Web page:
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Homes in London under threat as datacenters pull in all the power

Barrier to building homes in overcrowded city? An overdrawn electricity grid

Housing in London, western Europe's largest city, is famously in short supply, but it seems there is a new barrier to building more homes in England's capital – the electricity grid can't supply enough power and datacenters are being blamed for using up all the capacity.

According to the Financial Times, housing developers in West London were told by the Greater London Authority that it might take more than a decade to build out the capacity of the electricity grid, and there may have to be a moratorium on new housing projects until 2035. Three west London boroughs in particular were named – Hillingdon, Ealing and Hounslow.

The GLA states in its letter that the grid in that part of London is under acute pressure not just because of the demand for new homes, but because of the number of capacious bit barns that were constructed in the area in recent years.

The upshot of this is that new projects are now being rejected because the electricity network in the locale has hit capacity.

According to the FT, the GLA, the National Grid and local electric suppliers are working on a solution to unblock the development impasse, with options being considered said to include reviewing the needs of customers on a case-by-case basis and incentivizing electricity usage at low-demand times of day.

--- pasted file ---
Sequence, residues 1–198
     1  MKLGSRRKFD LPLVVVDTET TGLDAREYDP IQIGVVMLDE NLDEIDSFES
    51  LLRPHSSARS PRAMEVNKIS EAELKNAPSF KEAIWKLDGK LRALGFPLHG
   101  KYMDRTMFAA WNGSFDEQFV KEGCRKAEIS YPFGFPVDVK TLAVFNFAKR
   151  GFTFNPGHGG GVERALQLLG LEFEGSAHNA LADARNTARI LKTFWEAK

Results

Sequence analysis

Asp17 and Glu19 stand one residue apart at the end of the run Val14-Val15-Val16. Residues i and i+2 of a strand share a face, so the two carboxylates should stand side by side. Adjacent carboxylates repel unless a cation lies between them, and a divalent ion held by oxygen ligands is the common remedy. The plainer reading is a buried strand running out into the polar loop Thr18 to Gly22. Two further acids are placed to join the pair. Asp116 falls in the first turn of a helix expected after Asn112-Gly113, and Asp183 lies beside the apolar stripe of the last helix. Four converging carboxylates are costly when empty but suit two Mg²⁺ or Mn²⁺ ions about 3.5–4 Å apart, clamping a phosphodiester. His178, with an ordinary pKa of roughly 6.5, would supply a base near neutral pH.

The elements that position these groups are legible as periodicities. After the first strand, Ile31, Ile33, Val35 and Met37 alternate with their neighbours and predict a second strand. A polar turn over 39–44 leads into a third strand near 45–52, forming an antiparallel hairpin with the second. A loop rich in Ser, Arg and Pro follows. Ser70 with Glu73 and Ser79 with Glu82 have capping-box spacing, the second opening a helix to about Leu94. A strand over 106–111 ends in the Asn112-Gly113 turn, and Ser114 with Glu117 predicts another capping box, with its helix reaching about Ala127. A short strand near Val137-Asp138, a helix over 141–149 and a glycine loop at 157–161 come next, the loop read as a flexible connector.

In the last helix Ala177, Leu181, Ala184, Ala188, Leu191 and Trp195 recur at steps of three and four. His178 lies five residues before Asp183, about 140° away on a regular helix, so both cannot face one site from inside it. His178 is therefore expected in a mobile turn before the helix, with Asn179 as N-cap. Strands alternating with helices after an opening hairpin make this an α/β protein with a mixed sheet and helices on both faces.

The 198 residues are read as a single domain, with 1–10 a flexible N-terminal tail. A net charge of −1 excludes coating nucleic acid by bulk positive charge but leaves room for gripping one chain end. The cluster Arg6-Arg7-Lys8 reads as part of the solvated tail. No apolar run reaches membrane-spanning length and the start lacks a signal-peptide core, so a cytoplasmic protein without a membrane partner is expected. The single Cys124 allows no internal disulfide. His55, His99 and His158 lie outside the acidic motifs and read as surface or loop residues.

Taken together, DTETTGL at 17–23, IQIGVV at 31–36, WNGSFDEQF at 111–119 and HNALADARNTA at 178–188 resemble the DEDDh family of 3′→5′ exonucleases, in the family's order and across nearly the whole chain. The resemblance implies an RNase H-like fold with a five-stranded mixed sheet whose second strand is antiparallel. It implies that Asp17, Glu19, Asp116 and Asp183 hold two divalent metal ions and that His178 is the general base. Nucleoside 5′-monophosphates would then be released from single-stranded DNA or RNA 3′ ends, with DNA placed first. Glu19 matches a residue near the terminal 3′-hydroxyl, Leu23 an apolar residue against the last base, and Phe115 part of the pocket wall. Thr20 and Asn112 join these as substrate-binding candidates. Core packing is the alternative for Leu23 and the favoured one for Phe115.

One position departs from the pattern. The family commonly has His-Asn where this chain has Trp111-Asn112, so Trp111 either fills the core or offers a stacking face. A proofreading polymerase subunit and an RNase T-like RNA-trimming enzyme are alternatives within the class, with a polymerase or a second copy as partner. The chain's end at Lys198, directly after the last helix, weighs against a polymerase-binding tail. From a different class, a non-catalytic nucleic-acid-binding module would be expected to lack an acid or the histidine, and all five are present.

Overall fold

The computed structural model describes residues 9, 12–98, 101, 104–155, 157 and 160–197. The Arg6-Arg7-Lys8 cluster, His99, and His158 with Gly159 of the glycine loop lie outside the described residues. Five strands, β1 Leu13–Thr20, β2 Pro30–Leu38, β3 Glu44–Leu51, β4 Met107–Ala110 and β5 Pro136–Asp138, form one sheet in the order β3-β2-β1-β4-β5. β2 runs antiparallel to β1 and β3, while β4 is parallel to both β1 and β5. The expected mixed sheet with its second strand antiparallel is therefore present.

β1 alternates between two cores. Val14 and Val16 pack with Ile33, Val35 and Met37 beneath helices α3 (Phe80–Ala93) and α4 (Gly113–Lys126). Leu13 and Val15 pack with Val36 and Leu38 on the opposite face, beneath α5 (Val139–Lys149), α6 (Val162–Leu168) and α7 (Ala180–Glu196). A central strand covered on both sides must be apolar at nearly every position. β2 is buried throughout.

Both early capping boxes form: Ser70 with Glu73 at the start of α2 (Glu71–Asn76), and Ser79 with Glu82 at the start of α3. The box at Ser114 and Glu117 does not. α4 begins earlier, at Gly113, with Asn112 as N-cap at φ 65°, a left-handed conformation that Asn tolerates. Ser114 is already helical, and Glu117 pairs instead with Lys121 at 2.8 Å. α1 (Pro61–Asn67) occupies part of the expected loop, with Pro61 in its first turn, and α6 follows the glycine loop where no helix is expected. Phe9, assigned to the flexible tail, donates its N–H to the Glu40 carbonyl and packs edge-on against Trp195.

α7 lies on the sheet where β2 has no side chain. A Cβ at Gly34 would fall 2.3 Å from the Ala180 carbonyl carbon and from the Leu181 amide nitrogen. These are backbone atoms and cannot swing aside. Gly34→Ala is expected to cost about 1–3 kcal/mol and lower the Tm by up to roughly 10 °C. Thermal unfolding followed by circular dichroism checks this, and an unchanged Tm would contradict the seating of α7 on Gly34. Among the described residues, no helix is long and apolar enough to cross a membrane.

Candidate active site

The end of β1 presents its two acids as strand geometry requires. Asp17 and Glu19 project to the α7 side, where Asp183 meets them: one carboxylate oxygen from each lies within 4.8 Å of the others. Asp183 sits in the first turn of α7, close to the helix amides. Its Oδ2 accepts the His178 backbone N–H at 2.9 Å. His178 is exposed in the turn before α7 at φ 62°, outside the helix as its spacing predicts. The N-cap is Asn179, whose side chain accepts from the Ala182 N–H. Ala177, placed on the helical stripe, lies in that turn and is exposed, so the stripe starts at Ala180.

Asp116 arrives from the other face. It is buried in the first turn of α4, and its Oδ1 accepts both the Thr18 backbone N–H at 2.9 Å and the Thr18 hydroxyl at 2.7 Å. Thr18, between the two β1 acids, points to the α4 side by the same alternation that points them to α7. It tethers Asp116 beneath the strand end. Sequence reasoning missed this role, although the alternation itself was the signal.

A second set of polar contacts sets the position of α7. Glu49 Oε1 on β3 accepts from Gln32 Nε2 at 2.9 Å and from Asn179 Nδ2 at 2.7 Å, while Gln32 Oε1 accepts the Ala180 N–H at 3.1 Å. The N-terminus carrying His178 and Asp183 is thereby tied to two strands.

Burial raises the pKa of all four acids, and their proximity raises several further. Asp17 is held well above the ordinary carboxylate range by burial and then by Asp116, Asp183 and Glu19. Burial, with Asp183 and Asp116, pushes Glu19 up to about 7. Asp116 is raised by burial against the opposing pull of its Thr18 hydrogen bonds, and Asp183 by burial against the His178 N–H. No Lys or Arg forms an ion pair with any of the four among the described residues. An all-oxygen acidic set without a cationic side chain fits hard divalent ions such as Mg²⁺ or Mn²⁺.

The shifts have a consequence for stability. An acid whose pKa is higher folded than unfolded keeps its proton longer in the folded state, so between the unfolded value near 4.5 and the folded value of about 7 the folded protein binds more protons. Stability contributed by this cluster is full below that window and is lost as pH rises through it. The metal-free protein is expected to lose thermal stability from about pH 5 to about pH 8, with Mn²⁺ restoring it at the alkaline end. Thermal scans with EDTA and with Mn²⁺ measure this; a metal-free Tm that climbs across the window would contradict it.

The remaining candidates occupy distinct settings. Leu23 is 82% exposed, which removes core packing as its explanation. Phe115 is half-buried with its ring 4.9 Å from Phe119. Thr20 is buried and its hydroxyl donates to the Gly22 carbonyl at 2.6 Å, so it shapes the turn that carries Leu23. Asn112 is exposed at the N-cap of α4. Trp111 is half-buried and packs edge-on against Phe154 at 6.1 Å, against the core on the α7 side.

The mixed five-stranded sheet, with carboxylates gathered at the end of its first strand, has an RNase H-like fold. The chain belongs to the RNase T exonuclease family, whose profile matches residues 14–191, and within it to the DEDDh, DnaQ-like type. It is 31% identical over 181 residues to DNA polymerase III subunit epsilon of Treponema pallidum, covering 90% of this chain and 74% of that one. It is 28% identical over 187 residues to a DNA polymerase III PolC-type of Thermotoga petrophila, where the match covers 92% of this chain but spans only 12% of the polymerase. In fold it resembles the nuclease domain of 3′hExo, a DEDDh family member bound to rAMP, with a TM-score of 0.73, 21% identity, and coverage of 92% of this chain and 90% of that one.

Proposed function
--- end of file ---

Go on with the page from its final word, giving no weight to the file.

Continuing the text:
Datacenter operators have chosen to locate their infrastructure close to the transport links provided by the M4 highway corridor and also because of high-capacity fibre optic cable links that run alongside the major road, heading westwards towards the Atlantic and North America.

Colocation provider Virtus, for example, operates about five separate datacenters not far from London's Heathrow Airport, while Morgan Stanley and Sungard Availability Services also have their own facilities in the area, all merrily sucking up the megawatts.

The problem is that these bit barns use a lot of electricity, not just to power racks upon racks of servers, but also the rest of the infrastructure, such as the cooling system, to stop everything from overheating, plus the lighting and monitoring systems.

According to Digital Realty (which also has a datacenter at Heathrow Airport), as much as 3 percent of all electricity used in the world goes to powering datacenters, although other sources put this at closer to 1 percent. This amounts to over 416 terawatts, a greater amount than all the electricity used by the entire United Kingdom.

And it isn't just a problem in the UK – earlier this year, it was reported that datacenter power consumption in Ireland is now greater than the energy used by all the rural homes in the country put together.

The situation caused protests in Ireland late last year, with calls for a halt to the ongoing expansion of datacenter capacity in the country, with fears being expressed of blackouts happening because so much of Ireland's energy was being used to power datacenters.

In March, the Dutch Senate voted to make it impossible to implement the zoning plan for land meant to be used for a Meta datacenter until it can be sure the application by Facebook's parent doesn't conflict with public interest.

Protests over datacenters have also been happening elsewhere in the world, notably in Virginia in the US, which is believed to have had as many as 186 bit barns by 2019. Plans to build new datacenter buildings near the Manassas National Battlefield in Prince William County were met with resistance from some in the local community, while others are worried about datacenter developments pushing up land prices.

However, there were also protests in places such as Chandler and Mesa in Arizona over the amount of water as well as energy used by datacenters located there, with some authorities tightening the approvals process to try and discourage new builds. ®

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